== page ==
Invasive Species: Commelina benghalensis, Benghal Dayflower
Benghal dayflower, or tropical spiderwort, is an annual or perennial creeping herb that is on the Federal Noxious Weed List. Leaves are alternate, lilylike, and 1.2 to 2.8 in. (3 to 7 cm) long and often have reddish hairs toward their tips. Aboveground flowers are very small with relatively large lilac to blue petals and are present from the spring into the fall. Underground flowers, which grow on burrowing rhizomes, are white and very small. The fruit is a capsule containing two seeds. The seeds are ribbed, grayish brown, and about 0.08 in. (2 mm) long. Benghal dayflower invades areas with moist soil, including roadsides, grasslands, and other disturbed areas. It is especially problematic in pastures and crop fields, where it forms dense, pure stands that can smother other plants, such as low-growing crops. Benghal dayflower is native to Asia and Africa and was first found in the United States in 1963.
Taxonomy: Scientific and Common Names for This Species
Commelinales > Commelinaceae > Commelina benghalensis L.
Synonym(s): tropical spiderwort, jio
Commelina benghalensis – USDA PLANTS Profile
Benghal dayflower – The reported distribution of this invasive species across the United States (Source: Invasive Plant Atlas of the United States)
Reporting This Invasive Species
How to report an invasive species sighting to EDDMapS – Early Detection & Distribution Mapping System
EDDMapS – Report an invasive species to EDDMapS.
County Extension Offices – Find your county Extension office on this map provided by USDA.
How to Identify
This invasive species can be identified by looking for the characteristics described in the paragraphs that follow.
Benghal dayflower, or tropical spiderwort, is an annual or perennial, creeping herb.
|Theodore Webster, USDA Agricultural Research Service, bugwood.org||Stanley Culpepper, University of Georgia, bugwood.org|
Leaves are alternate, lilylike, and 1.2 to 2.8 in. (3 to 7 cm) long and often have reddish hairs toward their tips.
|Theodore Webster, USDA Agricultural Research Service, bugwood.org||Herb Pilcher, USDA Agricultural Research Service, bugwood.org|
Aboveground flowers are very small with relatively large lilac to blue petals and are present from the spring into the fall. Underground flowers, which grow on burrowing rhizomes, are white and very small.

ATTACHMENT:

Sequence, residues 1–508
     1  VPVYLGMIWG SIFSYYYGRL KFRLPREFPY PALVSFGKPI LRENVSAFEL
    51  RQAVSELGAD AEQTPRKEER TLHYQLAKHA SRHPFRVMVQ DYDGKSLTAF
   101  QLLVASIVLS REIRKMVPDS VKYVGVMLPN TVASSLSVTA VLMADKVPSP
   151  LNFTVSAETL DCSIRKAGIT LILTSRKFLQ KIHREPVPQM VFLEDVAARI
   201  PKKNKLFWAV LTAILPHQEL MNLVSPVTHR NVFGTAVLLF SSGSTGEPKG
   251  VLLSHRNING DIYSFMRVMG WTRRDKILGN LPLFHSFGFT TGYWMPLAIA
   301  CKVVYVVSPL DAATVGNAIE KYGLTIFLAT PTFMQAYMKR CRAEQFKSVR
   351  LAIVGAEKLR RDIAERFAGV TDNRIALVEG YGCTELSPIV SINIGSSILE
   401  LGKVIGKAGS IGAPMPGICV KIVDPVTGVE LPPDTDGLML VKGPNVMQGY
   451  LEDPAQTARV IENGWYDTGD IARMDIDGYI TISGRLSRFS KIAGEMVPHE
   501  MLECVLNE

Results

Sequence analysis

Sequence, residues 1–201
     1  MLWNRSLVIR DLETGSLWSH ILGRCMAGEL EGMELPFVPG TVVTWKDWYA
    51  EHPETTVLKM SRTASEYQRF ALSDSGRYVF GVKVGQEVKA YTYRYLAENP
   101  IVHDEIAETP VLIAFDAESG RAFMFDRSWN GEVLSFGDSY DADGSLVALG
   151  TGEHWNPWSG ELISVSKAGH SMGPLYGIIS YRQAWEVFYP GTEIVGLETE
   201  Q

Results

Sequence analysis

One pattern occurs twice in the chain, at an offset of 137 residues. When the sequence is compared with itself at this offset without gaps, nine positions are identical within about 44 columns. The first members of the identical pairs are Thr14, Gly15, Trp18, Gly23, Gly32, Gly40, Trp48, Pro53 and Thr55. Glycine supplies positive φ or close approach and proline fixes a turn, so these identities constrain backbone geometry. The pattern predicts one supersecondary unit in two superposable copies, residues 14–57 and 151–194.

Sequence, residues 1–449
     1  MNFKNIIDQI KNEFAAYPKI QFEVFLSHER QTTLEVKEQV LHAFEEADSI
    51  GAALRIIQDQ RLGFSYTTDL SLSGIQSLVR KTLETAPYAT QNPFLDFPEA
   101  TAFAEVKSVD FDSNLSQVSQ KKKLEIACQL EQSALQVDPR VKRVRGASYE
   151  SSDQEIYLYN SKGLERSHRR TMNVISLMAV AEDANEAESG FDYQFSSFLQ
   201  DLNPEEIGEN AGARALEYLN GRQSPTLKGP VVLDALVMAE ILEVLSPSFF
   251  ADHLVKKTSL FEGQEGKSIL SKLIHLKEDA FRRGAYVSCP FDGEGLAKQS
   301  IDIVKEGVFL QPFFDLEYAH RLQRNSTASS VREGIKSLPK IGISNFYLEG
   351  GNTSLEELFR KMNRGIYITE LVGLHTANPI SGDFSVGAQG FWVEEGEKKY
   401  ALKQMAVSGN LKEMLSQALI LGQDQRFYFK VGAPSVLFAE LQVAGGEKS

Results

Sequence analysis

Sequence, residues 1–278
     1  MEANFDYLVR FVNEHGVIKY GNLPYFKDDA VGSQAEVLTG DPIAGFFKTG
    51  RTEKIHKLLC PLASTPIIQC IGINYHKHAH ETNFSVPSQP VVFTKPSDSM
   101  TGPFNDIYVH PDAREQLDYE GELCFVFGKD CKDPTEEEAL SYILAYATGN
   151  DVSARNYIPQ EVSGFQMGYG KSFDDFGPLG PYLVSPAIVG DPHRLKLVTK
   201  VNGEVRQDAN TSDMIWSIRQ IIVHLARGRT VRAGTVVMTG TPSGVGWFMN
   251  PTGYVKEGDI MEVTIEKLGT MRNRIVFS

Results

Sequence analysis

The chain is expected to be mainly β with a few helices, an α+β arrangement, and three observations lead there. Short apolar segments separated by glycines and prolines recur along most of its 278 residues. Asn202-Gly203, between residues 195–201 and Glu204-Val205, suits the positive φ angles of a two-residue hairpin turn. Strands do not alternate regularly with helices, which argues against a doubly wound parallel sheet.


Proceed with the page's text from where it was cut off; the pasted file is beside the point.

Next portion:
|Herb Pilcher, USDA Agricultural Research Service, bugwood.org||Byron Rhodes, University of Georgia, bugwood.org|
The fruit is a capsule containing two seeds. The seeds are ribbed, grayish brown, and about 0.08 in. (2 mm) long.
|Julia Scher, USDA APHIS PPQ, bugwood.org||Julia Scher, USDA APHIS PPQ, bugwood.org|
Native Species That Resemble Benghal Dayflower
Commelina diffusa, spreading dayflower – Images at invasive.org
Theodore Webster, USDA Agricultural Research Service, bugwood.org
|Forest and Kim Starr, Starr Environmental, bugwood.org|
Commelina erecta, whitemouth dayflower – Images at invasive.org
|Rebekah D. Wallace, University of Georgia, bugwood.org||Rebekah D. Wallace, University of Georgia, bugwood.org|
Additional Images for Benghal Dayflower
Benghal dayflower – Images at invasive.org
Learning Resources for Benghal Dayflower
Additional Information, Biology, Control and Management Resources
Control and management recommendations vary according to individual circumstances. Location, habitat, weather, and a variety of other conditions are factors that help determine the best treatment choice. To find the safest and most effective treatment for your situation, consult your state’s land-grant institution. If you will use chemicals as part of the control process, always refer to the product label.
United States Land Grant University System – Find your Land Grant University’s College of Agriculture, University Cooperative Extension Service, or other related partner on this map provided by USDA.
Domestic Programs Pest Evaluation – USDA Animal and Plant Health Inspection Service (APHIS) Plant Protection and Quarantine (PPQ)
Federal Noxious Weed Inspection Guide – USDA APHIS PPQ
Tropical Spiderwort Identification and Control in Georgia Field Crops – University of Georgia
Tropical Spiderwort Identification and Control – University of Florida
Commelina sp. Identification Key – Flora of North America
Invasive Weed Alert! – USDA Agricultural Research Service (ARS)
Commelina benghalensis, Benghal dayflower – Global Invasive Species Database
Commelina benghalensis – Pacific Island Ecosystems at Risk (PIER)
Invasive Species Compendium (Beta) – cabi.org
Prevention, Early Detection, and Eradication of Benghal Dayflower in Field Nurseries – University of Florida Institute of Food and Agricultural Sciences (IFAS) Extension
Fact Sheets – Mississippi State University